Recent zbMATH articles in MSC 01A75https://zbmath.org/atom/cc/01A752022-07-25T18:03:43.254055ZUnknown authorWerkzeugArithmetic algebra in the 12th century: ``al-Bāhir'' of al-Samaw'alhttps://zbmath.org/1487.010342022-07-25T18:03:43.254055ZThe book under review is a translation into French, with a commentary, of a book on arithmetic algebra that was written by the Islamic twelfth-century mathematician al-Samaw'al. The book carries the title \textit{al-Bāhir fī al-Jabr}, which means \textit{The brilliant book of algebra}. It was written at the end of a period of three centuries that followed the appearance of al-Khwārizmī's celebrated book \textit{al-Jabr wal-Muqābala}. That period witnessed a rapid development of algebra that was concentrated on arithmetic algebra and indeterminate analysis, on the one hand, and on elementary algebraic geometry, on the other. The rich list of Islamic mathematicians who lived in that period and contributed to that development includes Abū Kāmil, al-Karajī, al-Khayyām, Sharaf al-Dīn al-Ṭūsī, al-Samaw'al, and others.
Besides translating \textit{al-Bāhir} and detecting and correcting hundreds of spelling, grammatical, and other kinds of errors that presumably have been made by copyists, the editor starts with a short preface containing a brief history of Islamic algebra between al-Khwārizmi and al-Samaw'al and a description of what motivated the writing of the book under review, followed by a detailed and valuable 71-page summary of the contents of \textit{al-Bāhir} using modern notations and terminology, as opposed to the rhetorical style of al-Samaw'al (and his contemporaries). Then follows the 240-page Arabic text, with translation into French on facing pages. The text starts with a table of contents of the four books that constitute \textit{al-Bāhir}. These four books are divided into chapters and sections and carry the following titles: (i) Multiplication, division, and extracting roots, (ii) Determination of unknowns, (iii) Irrational quantities, and (iv) Classification of problems (into necessary, possible, and impossible). Among many other things, these books contain a variety of quadratic and cubic Diophantine equations in two unknowns, a lot of interesting formulas for certain finite sums that are proved by mathematical induction, and instances of the binomial theorem. On page 102, we find the table that illustrates the binomial theorem that is now known as Pascal's triangle. It is the same table of the binomial coefficients that is reproduced on the front cover of [Notices Am. Math. Soc. 60 (2013)].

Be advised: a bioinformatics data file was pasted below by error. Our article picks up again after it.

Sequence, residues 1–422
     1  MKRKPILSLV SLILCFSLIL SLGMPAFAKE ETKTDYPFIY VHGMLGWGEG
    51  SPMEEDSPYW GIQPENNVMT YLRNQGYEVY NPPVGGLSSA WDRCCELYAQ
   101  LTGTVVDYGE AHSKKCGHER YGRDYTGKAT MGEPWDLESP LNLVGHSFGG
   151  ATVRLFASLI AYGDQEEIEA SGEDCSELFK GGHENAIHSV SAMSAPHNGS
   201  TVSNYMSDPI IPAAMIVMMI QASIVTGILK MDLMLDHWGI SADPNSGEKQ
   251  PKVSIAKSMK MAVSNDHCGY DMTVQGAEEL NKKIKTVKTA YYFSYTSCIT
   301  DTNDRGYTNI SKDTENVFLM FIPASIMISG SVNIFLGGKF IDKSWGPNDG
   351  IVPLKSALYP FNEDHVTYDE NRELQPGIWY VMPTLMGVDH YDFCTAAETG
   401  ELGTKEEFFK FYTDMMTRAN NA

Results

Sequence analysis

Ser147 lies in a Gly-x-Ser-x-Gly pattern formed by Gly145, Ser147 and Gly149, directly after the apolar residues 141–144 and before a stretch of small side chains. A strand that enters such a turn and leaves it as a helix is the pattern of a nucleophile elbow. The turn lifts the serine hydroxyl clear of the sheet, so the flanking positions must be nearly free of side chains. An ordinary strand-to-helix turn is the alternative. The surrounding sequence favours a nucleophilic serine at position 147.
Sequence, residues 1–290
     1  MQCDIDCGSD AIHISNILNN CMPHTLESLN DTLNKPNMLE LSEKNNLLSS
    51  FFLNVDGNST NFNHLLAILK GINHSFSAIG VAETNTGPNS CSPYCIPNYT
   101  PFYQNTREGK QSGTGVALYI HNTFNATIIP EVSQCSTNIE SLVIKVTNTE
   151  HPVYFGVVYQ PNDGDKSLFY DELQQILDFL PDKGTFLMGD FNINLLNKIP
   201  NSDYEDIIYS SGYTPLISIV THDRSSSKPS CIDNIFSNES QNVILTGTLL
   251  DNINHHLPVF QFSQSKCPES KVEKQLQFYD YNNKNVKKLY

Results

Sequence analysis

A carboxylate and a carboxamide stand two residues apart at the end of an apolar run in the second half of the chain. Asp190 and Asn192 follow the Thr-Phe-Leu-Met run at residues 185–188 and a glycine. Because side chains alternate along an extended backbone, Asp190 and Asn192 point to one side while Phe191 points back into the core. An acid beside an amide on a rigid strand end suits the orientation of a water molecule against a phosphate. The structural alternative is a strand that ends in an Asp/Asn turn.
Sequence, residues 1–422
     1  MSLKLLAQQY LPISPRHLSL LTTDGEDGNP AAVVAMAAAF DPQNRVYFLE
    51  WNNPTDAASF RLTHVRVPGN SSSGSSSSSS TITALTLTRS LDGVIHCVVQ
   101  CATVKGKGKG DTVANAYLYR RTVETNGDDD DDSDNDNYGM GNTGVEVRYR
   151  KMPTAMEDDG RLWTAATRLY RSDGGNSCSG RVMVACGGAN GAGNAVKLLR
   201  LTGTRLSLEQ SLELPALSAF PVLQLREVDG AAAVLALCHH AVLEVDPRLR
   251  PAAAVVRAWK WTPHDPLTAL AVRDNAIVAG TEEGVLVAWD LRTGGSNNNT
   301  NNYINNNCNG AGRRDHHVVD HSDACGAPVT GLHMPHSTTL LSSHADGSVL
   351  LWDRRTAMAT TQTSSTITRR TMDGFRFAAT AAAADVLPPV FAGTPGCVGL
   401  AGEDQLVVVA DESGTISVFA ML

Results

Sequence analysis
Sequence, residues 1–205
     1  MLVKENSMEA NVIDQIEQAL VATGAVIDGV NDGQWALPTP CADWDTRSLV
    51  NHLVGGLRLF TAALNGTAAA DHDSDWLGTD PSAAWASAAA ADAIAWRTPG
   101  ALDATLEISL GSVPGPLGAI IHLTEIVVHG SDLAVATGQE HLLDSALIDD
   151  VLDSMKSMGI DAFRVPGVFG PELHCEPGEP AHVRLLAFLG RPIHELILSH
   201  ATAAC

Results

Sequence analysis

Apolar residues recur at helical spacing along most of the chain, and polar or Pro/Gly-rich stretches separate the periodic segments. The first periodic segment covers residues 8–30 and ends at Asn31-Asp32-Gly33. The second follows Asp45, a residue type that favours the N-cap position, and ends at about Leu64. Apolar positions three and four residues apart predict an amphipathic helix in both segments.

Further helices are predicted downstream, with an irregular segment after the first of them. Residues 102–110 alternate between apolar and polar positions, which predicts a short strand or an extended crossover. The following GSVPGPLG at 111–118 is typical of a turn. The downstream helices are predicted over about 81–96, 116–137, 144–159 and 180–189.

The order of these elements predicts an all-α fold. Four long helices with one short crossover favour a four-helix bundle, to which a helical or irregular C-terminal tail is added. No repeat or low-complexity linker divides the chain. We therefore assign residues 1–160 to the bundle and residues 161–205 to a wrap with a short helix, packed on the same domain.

The editor is to be commended on the great job he has done.
Reviewer: Mowaffaq Hajja (Amman)